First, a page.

Bob introduced me to the audience for my short little show. When I was done, Bob asked me if I would like to sing for the audience. I said sure and that I loved to sing. I started "singing" a spiritual song called "He's the Lily of the Valley" and of course it was Bob that was really doing the singing as I moved my lips, I walked off the stage "singing" the song and the voice faded away with me. Soon, though, the voice changed and started getting louder and louder as Bob brought his figure "Jiggers Johnson" out of his trunk. Bob's skill as a distant vent pulled this little stunt off brilliantly and when Jiggers finished the song, Bob called me back on the stage and shared the applause from the audience with me. I am just one of many that Bob Bradford has had a profound influence on. The Great Lester told me that Bob was one of the best ventriloquists he ever coached, and I'm sure he was. It was such an honor to have known Bob Bradford and to have had his influence in my life.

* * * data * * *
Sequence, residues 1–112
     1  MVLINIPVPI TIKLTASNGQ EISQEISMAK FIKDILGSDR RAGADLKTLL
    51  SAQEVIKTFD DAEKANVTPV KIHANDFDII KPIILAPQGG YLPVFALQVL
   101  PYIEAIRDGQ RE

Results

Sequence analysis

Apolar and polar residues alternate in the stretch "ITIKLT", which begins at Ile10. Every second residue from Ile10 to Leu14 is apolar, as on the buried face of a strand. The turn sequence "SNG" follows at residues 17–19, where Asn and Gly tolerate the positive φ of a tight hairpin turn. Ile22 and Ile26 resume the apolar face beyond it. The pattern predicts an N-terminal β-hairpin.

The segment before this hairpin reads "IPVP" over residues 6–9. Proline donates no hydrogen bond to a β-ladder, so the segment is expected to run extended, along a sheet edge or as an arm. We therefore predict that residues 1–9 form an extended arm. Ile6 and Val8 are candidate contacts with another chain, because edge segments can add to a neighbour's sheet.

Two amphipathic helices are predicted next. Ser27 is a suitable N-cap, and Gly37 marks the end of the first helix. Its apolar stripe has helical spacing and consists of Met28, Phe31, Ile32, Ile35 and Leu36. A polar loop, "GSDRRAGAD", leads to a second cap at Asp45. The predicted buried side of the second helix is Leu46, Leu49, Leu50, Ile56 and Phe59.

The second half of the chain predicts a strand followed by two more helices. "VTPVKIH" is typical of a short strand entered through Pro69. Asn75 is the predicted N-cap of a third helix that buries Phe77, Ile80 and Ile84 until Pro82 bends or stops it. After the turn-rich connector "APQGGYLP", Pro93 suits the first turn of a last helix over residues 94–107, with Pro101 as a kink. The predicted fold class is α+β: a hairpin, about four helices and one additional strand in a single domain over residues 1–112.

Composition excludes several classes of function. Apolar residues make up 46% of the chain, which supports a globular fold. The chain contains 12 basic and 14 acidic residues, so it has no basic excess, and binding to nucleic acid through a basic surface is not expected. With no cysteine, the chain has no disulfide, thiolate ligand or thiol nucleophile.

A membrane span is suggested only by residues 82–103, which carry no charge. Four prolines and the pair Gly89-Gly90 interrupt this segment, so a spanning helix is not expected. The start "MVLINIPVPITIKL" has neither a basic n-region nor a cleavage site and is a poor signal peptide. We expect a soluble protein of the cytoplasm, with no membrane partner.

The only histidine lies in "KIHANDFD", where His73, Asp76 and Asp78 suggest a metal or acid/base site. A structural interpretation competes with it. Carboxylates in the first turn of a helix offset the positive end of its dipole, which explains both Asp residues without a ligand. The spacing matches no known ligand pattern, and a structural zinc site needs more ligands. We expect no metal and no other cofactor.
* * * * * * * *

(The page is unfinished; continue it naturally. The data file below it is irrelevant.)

Who has influenced you the most with your ventriloquism?


  1. I would have to say Clifford Guest, although The Great Lester in 1955 stopped a lot of us from clenching teeth and stressed frozen jaw to freeze lips. Although I never met Guest I saw him do the Fox Hunt on TV in the 1950's, hounds baying, horses hooves in distance, getting closer, then away, and I must say he was the best in polyphony I ever saw, which is vent mimicry. But if I had known George W. Callahan who wrote Ventriloquism and How to Acquire This Amusing Art, also from Australia, I would probably say he was main influence, but he was before my time and Guest too. He explains the bee, mosquito, fly, planing saw and other sounds, and his little book still published explains still lip and jaw thus: